Another completely erroneous misconception is that at the Privy Council matters can be separated into “criminal” and “civil” issues. It is an incontrovertible fact that the Privy Council adjudicates on matters of law (points of law), namely the constitutionality of points of law in any given case. What this means is that even in an appeal from a “criminal” legal case, there will be constitutional points of law that need to be clarified. Therefore it is impossible at the Privy Council to separate these matters, since they are one and the same.

Yet another glaring misconception is the view that retaining the Privy Council is a 'colonial' thing.

[Colonial ~ "Of or relating to or characteristic of or inhabiting a colony"]

Trinidad and Tobago can thus be referred to as a 'colony', or 'colonial' in nature. So what exactly do they mean by 'colonial' when referring to the Privy Council? We are lost... do they refer to the time when the Queen was the head of State? Or that laws were derived from English statutes and common law? {Many still are... the  Offences Against the Person Act is from 1925!}

The confusion of this statement is palpable, but should one challenge it, the response would be... a lack of appreciation of the truth. We guess they 'know' what they mean, even if we don't.

We regard this tangible lack of appreciation as grossly unacceptable, given that one of the supporters of this completely incorrect appraisal is a former champion of Human Rights/Constitutional issues (with the proud boast that he completed over 40 matters at the Privy Council). We refer to the current attorney general, Mr Anand Ramlogan. If anyone should know better, it should be a man who has possibly the greatest experience at the Privy Council in the country. This is beyond woefully shameful that in his utterances to the media recently there is such apparent lack of depth to his assessment of the situation. It may be considered to be the greatest embarrassment internationally that this country has ever experienced.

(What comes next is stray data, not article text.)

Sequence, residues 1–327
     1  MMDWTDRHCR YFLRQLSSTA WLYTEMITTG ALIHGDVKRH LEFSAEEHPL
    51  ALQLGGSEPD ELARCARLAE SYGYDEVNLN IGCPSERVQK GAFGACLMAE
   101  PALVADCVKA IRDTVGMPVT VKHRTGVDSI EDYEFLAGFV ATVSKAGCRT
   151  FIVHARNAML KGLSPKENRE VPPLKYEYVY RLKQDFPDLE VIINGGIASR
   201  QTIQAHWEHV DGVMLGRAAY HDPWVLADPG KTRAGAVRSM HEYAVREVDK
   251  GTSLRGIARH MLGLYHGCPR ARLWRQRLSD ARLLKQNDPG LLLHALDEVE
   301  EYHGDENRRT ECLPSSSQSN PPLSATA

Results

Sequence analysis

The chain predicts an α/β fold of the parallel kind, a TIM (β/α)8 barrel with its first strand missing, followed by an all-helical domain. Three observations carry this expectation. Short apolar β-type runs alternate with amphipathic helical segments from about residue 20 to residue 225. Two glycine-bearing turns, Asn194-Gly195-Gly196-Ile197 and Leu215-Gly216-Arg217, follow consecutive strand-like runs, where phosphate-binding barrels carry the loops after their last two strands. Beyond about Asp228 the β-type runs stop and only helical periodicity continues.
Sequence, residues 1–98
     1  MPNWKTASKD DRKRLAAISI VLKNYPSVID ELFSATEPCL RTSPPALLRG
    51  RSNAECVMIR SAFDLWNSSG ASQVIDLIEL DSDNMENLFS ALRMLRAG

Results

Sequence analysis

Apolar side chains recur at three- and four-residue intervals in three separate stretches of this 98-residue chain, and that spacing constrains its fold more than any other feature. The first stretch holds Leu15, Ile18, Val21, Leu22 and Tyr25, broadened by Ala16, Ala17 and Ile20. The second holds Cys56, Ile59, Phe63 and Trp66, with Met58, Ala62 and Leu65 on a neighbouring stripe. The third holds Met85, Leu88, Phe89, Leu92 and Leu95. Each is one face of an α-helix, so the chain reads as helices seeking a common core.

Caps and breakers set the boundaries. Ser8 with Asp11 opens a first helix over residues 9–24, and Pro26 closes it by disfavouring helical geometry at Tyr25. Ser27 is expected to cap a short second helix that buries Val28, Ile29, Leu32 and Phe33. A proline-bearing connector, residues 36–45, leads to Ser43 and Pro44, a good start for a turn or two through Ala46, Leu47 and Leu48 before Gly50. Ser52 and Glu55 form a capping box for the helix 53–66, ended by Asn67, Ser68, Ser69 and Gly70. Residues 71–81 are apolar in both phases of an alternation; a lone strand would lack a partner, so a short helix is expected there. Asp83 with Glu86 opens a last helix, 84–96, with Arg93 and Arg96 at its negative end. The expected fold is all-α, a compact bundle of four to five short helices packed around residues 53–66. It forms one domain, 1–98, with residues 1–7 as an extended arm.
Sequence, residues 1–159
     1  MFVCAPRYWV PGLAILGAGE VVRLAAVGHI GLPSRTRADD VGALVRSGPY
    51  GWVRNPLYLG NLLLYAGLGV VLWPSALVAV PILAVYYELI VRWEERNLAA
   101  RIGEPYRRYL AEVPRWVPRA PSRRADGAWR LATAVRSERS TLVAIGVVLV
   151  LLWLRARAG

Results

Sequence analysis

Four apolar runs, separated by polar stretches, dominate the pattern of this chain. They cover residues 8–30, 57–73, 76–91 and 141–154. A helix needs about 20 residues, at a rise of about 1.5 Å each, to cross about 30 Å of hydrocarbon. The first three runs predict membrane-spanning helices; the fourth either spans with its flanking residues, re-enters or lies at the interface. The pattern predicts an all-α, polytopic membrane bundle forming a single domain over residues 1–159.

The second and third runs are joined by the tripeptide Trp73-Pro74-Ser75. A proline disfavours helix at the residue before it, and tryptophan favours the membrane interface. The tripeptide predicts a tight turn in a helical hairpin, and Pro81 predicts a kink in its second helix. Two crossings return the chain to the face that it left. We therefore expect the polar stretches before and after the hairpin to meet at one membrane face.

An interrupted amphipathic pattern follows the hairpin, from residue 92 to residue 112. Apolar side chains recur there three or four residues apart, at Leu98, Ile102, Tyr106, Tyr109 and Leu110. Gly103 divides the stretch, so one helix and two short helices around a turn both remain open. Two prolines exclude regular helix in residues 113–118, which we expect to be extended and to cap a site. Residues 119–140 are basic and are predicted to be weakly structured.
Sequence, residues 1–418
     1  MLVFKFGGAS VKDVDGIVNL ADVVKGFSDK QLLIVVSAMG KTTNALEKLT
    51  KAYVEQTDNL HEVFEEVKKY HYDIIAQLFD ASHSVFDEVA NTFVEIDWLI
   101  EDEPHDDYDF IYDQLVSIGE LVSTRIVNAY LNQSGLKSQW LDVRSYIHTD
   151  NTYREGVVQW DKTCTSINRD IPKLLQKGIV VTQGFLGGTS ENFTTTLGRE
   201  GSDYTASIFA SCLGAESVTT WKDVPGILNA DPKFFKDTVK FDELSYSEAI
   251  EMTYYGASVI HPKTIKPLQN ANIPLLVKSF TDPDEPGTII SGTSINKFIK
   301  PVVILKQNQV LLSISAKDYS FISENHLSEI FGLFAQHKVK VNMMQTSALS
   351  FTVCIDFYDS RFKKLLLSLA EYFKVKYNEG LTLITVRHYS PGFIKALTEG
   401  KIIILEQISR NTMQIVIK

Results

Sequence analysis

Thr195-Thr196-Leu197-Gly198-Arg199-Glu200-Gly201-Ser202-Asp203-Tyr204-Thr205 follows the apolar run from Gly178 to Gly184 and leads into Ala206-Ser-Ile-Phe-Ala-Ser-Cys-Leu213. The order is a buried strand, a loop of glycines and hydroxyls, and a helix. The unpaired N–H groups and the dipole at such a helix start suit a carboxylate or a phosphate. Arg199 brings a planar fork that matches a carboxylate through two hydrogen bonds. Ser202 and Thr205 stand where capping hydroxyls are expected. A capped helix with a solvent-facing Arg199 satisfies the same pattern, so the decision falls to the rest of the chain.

The Facts (findable independently of our say so)

What the Privy Council has said (in Pratt and Morgan) is that hanging a criminal who has remained on death row for longer than five years, is unconstitutional:
“...the conclusion that in any case in which execution is to take place more than five years after sentence there will be strong grounds for believing that the delay is such as to constitute "inhuman or degrading punishment or other treatment”.
The real impediment – if any – is to do with the glacial speed of the system of justice in Trinidad. That is nothing to do with the Privy Council [Read: Constitutional lawyer Anand Beharrylal in TT Express (2012-04-29): Don't blame UK court for delays. There are several other judgments by the Privy Council which relate to hanging, and which further clarify conditions in which it can take place.


It appears to us that there remains a deeply ingrained obsession with remaining blind to the seriousness of this most important matter affecting, not just the Constitution of the country but the future prospects of Trinidad & Tobago becoming eligible for First World maturity. As The Cap has often said in different ways, “In the land of the blind those gifted with sight risk being burned at the stake for appearing to be mad.” Frank Solomon and the likes of him could expect to be so treated.